William S. Hart's character is very nearly burned at the stake by Indians in "The Primal Lure" (1916). Never mind that Indians in North America didn't burn people at the stake.
8x10 publicity still or mini lobby card. Partially filmed in Felton, Santa Cruz County, Calif.
Hart is paired with Margery Wilson, who was also his screen partner in another, more famous 1916 picture, "The Return of Draw Egan."
"The Primal Lure" wasn't particularly well received in 1916, and it will never be famous in posterity because it no longer exists. All that's left of it are some publicity materials.
Davis (2003:84) writes:
In an effort to diversify his roles, Hart began filming "The Primal Lure" early in December 1915. Set in Canada, the picture had Bill playing a Scottish manager of Fort LuCerne, an outpost of the Hudson Bay Company. The production crew spent Christmas that year at Felton, California, where the company shot the trapper story among the giant redwoods. When the movie was released, critics admired the scenic locations, but most found its story ineffective. Diehard fans complained that the picture was a disappointment and urged Bill to stick with his customary good bad guy roles.
From Koszarski 1980:44.
Produced by the Triangle Film Corporation under the supervision of Thomas H. Ince; distributed by Triangle; in production December 6, 1915 - February 2, 1916; released May 21, 1916; production cost, $18,968.55; five reels.
Directed by William S. Hart; screenplay by J.G. Hawks from a story by Vingie E. Roe; photographed by Joe August.
CAST: William S. Hart (Angus McConnell); Margery Wilson (Lois Le Moyne); Robert McKim (Richard Sylvester); Jerome Storm (Pierre Vernaisse); Joe Goodboy (Indian Chief).
SYNOPSIS: Angus McConnell is the "factor," or manager, of an outpost of the Hudson Bay Company. Lois Le Moyne, daughter of a trapper at the post, cherishes a secret love for him. Having made him a pair of moccasins, and embroidered his initials on them, she one day slips into his office when she thinks he is out, to leave them in his desk.
But it so happens that McConnell's account book has been stolen, and when he hears her at the door he slips into hiding, thinking he may catch the thief. When he sees the girl go to his desk, he rashly comes to the conclusion that the trappers have hired her to steal his records, and roughly seizes her, accusing her of the theft.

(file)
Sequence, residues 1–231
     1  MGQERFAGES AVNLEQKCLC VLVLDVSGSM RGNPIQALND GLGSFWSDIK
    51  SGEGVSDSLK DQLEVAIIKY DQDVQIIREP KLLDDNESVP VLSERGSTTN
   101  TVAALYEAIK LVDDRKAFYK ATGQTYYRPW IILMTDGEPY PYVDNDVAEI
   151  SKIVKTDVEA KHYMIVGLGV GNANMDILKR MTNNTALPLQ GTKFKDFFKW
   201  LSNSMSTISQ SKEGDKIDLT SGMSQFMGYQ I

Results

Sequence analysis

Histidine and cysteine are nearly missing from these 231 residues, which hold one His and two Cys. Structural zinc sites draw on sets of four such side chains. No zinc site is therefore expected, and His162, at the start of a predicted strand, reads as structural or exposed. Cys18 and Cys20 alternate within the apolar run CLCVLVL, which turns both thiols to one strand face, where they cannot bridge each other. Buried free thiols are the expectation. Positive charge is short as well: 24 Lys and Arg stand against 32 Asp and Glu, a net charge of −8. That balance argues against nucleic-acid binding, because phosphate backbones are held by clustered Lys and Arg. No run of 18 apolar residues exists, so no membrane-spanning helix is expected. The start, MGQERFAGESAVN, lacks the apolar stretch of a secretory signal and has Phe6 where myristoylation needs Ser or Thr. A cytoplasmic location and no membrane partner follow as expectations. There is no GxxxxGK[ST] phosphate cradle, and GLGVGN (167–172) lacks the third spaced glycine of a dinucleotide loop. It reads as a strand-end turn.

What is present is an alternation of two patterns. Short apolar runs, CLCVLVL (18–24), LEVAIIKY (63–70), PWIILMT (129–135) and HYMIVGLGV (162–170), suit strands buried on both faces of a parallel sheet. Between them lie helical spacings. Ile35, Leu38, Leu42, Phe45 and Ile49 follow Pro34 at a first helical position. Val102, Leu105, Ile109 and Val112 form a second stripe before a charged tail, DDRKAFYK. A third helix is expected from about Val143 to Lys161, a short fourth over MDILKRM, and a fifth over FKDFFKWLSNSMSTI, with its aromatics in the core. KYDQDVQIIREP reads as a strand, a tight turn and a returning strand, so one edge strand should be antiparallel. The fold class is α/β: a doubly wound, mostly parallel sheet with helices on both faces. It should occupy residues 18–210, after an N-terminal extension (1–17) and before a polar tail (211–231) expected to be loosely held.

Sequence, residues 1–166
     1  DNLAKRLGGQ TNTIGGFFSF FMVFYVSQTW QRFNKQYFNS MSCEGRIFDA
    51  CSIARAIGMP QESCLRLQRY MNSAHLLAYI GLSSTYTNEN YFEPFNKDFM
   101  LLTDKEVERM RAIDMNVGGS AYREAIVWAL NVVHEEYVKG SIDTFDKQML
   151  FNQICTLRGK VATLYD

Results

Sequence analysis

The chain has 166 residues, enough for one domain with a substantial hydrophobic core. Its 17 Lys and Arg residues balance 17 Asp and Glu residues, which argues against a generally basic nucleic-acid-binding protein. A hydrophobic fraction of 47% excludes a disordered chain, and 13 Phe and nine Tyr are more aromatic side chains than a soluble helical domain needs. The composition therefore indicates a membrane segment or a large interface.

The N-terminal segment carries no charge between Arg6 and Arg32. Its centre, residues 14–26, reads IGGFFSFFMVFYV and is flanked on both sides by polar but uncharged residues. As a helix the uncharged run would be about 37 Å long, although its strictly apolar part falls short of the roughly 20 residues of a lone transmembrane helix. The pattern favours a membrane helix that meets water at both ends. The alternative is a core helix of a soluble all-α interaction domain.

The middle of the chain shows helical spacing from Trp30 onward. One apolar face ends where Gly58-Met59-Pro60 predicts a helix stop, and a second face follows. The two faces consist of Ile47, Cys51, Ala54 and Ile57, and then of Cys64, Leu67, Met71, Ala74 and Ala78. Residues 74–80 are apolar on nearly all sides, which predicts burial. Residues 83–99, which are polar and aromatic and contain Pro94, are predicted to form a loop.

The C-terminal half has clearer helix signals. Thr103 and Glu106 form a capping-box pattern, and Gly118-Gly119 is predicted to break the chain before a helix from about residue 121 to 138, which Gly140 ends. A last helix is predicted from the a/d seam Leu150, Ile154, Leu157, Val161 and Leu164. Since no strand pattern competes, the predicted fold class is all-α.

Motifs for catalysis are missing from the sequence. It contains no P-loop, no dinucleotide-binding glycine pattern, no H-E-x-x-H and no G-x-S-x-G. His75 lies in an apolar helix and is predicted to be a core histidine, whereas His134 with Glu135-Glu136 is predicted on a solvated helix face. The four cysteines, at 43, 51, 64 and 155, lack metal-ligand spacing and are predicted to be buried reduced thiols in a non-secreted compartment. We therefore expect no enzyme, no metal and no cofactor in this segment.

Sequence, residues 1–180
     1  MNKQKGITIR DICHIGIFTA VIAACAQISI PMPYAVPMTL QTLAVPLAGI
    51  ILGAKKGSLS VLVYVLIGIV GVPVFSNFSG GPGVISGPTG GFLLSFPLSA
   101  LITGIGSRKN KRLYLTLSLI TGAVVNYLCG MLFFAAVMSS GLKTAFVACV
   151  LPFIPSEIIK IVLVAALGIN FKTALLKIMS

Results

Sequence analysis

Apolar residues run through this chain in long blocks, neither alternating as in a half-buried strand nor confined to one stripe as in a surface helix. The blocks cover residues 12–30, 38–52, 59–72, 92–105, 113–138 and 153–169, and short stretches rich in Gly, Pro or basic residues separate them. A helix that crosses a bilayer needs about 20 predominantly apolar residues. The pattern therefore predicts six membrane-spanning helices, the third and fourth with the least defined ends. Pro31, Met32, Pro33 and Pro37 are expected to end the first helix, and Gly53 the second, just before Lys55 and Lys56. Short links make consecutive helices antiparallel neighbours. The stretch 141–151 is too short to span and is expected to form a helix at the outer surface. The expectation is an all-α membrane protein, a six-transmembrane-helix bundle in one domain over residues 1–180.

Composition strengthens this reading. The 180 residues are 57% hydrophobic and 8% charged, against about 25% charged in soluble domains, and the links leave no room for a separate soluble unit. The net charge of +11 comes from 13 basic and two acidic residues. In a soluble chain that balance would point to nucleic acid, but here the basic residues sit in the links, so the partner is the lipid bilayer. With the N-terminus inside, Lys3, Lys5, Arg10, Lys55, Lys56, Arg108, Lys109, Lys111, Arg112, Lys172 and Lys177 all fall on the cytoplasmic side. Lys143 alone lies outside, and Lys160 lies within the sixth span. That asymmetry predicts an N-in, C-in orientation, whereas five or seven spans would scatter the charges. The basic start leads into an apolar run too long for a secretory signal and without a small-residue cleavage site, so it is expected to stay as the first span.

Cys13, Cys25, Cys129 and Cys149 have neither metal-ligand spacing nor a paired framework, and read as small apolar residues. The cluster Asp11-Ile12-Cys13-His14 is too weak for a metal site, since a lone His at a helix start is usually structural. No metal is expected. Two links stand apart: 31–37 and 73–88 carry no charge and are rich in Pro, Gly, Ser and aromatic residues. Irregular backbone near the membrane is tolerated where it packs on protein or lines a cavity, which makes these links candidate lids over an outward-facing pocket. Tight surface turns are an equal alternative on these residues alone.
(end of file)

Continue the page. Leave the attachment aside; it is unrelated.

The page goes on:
The girl, maddened and heartbroken, indignantly denies the accusation. The factor nevertheless thrusts her into the rough prison of the post, and tells her she shall not come out till she has confessed for whom she stole the book. But there arrives Richard Sylvester, an inspector for the company, who is bewitched by the prisoner, and has hei released. Soon after, he procures the dismissal of the factor, and takes the place himself.
But he does not win the girl. The visitation of a plague and an attack by Indians prove the unworthiness of Sylvester, and McConnell resumes the post left vacant by the other's desertion. The Indians, in overwhelming force, demand a sacrifice to their great spirit, that the plague may abate.
McConnell gives himself, and the story of how he is saved from death at the stake, learns of both the innocence and the love of Lois, and begs at last for a return of that love, makes a series of scenes both thrilling and satisfying. [Primal Lure pressbook, 1916]
REVIEW: We cannot express a very high opinion of this picture, largely because the story on which it is based is so crude and ineffective. Much better stories of the thrilling Indian type can be found in any of the five-cent weeklies so dear to the heart of boyhood and United States Senators. ... For a picture of this kind it has been well produced, although it appeared anything but realistic to see the captive tied to the stake and then have the fire which was to burn him to death built six feet in front of him. The picture contained some very beautiful scenic lo cations, and was effective throughout from a pictorial standpoint. It was not worthy, however, of such a sterling actor of Western roles as William S. Hart. His well known capabilities never had a chance for real expression. [New York Dramatic Mirror, May 13, 1916]
LW3327: 9600 dpi jpeg from original photograph purchased 2018 by Leon Worden.